There is an orange lesion, and the overlying pigmented spots and surrounding hyperpigmentation suggest chronicity. B-scan ultrasonography does not show internal reflectivity or acoustic shadowing, but this could reflect the small size of the lesion. OCT shows an intact choriocapillaris with an outer mass that has some internal reflectivity.
The most likely diagnosis is choroidal hemangioma, because the orange coloration indicates a vascular lesion. Melanomas can have patchy orange pigmentation from lipofuscin, unlike the diffuse orange coloration of this lesion, and the surrounding hyperpigmentation would be atypical for a melanoma. Metastatic lesions tend to be yellowish and would also not typically include deep pigmentary changes. Indocyanine angiography can be very helpful in diagnosing hemangiomas, showing initial early hyperfluorescence and late wash-out phenomenon.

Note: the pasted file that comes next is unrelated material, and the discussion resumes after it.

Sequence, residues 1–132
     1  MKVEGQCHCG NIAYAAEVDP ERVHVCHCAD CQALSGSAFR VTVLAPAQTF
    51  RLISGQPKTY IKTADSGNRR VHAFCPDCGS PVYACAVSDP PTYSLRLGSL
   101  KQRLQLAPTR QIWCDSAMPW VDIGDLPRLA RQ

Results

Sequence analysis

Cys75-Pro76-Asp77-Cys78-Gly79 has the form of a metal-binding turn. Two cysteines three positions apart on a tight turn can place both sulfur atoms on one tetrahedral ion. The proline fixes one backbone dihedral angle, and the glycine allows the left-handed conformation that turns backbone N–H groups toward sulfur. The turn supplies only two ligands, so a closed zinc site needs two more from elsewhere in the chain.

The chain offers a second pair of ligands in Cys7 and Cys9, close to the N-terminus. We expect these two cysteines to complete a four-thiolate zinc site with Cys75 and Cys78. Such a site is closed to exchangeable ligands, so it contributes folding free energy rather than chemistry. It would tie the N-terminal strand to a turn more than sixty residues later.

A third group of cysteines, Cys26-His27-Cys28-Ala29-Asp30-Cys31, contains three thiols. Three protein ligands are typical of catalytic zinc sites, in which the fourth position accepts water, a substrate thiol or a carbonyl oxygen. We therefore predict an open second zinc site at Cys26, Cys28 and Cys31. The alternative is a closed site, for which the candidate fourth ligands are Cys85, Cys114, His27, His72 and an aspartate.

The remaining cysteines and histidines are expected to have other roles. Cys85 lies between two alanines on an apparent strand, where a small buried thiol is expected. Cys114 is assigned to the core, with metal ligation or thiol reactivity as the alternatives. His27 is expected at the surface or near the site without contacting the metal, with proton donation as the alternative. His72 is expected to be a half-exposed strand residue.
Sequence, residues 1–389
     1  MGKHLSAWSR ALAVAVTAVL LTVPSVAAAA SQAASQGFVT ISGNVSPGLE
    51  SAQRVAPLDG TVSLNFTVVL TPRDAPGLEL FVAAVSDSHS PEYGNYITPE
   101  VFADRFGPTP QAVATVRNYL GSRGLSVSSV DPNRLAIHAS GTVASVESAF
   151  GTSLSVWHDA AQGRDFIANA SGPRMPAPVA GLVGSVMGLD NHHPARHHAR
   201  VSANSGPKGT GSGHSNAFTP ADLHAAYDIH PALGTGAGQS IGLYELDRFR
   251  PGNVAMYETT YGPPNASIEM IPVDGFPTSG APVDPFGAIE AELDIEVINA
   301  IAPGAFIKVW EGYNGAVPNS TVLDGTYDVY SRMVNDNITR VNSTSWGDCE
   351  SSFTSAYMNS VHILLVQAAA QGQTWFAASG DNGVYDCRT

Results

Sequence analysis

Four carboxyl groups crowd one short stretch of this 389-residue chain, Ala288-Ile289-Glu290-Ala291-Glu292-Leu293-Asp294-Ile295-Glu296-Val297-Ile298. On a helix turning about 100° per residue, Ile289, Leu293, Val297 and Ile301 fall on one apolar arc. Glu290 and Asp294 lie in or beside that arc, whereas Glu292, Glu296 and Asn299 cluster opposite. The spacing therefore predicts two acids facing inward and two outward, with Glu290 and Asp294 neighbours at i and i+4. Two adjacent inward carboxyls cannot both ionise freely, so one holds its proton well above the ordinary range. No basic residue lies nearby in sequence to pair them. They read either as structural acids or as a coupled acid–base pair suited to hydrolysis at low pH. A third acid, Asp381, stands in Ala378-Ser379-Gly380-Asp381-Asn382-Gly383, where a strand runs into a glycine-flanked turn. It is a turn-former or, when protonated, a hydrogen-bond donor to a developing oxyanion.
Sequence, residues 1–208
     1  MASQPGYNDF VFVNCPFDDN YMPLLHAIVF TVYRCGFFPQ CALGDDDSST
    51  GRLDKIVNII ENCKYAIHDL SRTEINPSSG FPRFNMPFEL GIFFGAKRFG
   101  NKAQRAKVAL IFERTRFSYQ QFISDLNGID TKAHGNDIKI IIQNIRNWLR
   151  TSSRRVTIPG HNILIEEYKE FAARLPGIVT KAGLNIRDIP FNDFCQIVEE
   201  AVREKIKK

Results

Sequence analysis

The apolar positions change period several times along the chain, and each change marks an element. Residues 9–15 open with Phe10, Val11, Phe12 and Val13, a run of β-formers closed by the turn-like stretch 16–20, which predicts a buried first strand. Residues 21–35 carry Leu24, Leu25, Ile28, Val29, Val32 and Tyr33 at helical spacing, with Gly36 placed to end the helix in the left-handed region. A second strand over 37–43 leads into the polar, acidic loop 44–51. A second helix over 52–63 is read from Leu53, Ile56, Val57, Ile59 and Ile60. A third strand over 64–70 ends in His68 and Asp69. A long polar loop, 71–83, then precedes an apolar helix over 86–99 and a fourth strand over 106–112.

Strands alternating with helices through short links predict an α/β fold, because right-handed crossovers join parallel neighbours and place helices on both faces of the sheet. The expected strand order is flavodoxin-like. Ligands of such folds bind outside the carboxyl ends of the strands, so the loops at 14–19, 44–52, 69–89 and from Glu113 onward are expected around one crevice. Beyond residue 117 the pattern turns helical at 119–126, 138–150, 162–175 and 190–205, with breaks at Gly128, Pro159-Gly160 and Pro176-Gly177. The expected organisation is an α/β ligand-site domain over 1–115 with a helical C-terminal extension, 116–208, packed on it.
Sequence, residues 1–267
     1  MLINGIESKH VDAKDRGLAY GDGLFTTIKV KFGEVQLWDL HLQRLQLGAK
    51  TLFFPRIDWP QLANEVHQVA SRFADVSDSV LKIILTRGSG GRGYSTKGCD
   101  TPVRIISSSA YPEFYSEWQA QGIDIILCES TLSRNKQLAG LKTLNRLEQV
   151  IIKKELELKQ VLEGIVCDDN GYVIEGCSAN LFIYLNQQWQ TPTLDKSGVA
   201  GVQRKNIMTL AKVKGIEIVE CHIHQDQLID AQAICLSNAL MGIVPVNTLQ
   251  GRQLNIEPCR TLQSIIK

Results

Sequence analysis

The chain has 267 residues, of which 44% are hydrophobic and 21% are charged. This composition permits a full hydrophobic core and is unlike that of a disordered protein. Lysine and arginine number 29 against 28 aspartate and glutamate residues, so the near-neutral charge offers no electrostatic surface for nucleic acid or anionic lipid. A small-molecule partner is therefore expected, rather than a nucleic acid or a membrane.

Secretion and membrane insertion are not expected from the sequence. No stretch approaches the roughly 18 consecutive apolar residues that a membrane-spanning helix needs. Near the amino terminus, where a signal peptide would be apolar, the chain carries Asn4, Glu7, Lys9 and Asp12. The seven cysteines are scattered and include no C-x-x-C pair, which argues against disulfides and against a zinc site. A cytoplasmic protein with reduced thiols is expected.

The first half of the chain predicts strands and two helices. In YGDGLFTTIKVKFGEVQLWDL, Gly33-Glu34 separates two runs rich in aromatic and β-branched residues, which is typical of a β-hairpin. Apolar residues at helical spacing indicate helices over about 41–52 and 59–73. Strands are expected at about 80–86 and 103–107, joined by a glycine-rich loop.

Choroidal hemangiomas can have overlying subretinal fluid, but such a small lesion is often asymptomatic. If the subretinal fluid interferes with or threatens vision, photodynamic therapy is generally efficacious.
Because of the remote possibility of a malignant process, we have been following this patient closely, and there has been no growth of the lesion.